UN experts voice concern over situation of religious minorities in Iran
20 September 2012 – Two independent United Nations human rights experts have welcomed the release of a pastor in Iran who was charged with apostasy, while voicing deep concern over the arrest and detention of hundreds of Christians in recent years.
The Special Rapporteur on the situation of human rights in Iran, Ahmed Shaheed, and the Special Rapporteur on freedom of religion or belief, Heiner Bielefeldt, called on the authorities to “ease the current climate of fear in which many churches operate, especially protestant evangelical houses of worship.”
Mr. Shaheed welcomed the acquittal and subsequent release from prison earlier this month of Pastor Youcef Nadarkhani, who spent three years in prison for charges that, in his view, do not qualify as offences in Iran’s current Penal Code.
He said that while the Iranian judiciary is to be commended for its decision to release Mr. Nadarkhani, “questions remain as to why he spent three years in prison apparently for practicing his religion,” a right guaranteed in Iran’s Constitution and in the International Covenant on Civil and Political Rights, which the country ratified in 1975.
Born to Muslim parents, Mr. Nadarkhani converted to Christianity at the age of 19 and became a member of a Protestant church in Rasht, according to a news release issued by the Office of the UN High Commissioner for Human Rights (OHCHR).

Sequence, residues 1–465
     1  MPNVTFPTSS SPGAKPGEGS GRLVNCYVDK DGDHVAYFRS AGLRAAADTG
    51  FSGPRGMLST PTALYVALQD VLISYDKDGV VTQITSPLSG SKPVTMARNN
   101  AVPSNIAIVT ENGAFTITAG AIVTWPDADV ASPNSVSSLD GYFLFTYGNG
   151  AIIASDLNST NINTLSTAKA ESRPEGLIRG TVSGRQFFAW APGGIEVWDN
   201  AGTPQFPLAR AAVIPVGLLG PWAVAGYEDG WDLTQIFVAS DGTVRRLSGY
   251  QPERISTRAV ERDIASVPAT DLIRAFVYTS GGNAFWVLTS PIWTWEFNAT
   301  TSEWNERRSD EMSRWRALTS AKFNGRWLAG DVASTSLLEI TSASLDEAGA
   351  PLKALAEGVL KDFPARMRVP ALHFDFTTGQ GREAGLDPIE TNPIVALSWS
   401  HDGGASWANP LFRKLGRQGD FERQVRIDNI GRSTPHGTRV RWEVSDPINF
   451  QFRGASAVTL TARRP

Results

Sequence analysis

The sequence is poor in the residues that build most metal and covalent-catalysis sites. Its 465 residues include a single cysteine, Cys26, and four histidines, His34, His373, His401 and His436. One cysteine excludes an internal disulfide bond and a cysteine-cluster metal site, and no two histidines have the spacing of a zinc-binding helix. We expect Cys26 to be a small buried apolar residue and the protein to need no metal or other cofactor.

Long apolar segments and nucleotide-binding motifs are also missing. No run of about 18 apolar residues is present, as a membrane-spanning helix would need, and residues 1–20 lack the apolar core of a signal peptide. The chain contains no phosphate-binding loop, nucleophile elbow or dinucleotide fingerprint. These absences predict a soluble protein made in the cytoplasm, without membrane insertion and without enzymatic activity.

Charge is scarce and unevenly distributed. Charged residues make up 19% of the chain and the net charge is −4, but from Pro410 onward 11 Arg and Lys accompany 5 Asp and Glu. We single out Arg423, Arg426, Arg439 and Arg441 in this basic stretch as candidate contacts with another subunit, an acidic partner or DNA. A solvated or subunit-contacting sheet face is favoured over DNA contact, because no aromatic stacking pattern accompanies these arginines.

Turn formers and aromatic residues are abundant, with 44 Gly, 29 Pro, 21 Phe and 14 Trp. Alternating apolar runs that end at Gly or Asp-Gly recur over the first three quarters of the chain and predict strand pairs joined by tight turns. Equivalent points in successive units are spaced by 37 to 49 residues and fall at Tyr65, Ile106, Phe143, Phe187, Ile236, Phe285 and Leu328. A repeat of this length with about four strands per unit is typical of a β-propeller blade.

Mr. Nadarkhani was arrested in October 2009 on charges of apostasy. In September 2010, he was found guilty and sentenced to death on charges of apostasy and evangelism, following a trial in which the guarantees of due process of law had not been properly applied, according to Mr. Shaheed.
The sentence was upheld by the Supreme Court, with the caveat that unless the accused renounced Christianity, he would be executed by hanging. In early September 2012, Iranian judicial authorities reduced Mr. Nadarkhani’s charge to ‘evangelizing Muslims,’ and his sentence to three years, which he was credited with having already served.
Based on his own interviews and reports from various non-governmental organizations, Mr. Shaheed estimates that over 300 Christians have been arbitrarily arrested and detained throughout the country since June 2010, and that at least 41 individuals were detained for periods ranging from one month to over a year, sometimes without official charges.
“Scores of other Christians appear to remain in detention for freely practicing their religion,” said the expert, noting that “churches continue to report undue pressure to report membership, in what appears to be an effort to pressure and sometimes even detain converts, despite articles 13, 14, and 26 of the Iranian Constitution which protect the rights of Christians and others.”
Mr. Bielefeldt pointed out that Iran possesses the basic legal framework to guarantee Christians, as a group, the right to freedom of religion, and should ensure that this right is granted in practice.
“The right to conversion in this context is an inseparable part of freedom of religion or belief as enshrined in the Universal Declaration of Human Rights and the International Covenant on Civil and Political Rights,” he noted.
Mr. Bielefeldt also called for the protection of other religious minorities such as the Baha’is, Yarsanis, Dervishes and other religions, faiths or beliefs not recognized by the Iranian Constitution.
Independent experts, or special rapporteurs, are appointed by the Geneva-based Human Rights Council to examine and report back, in an unpaid capacity, on specific human rights themes.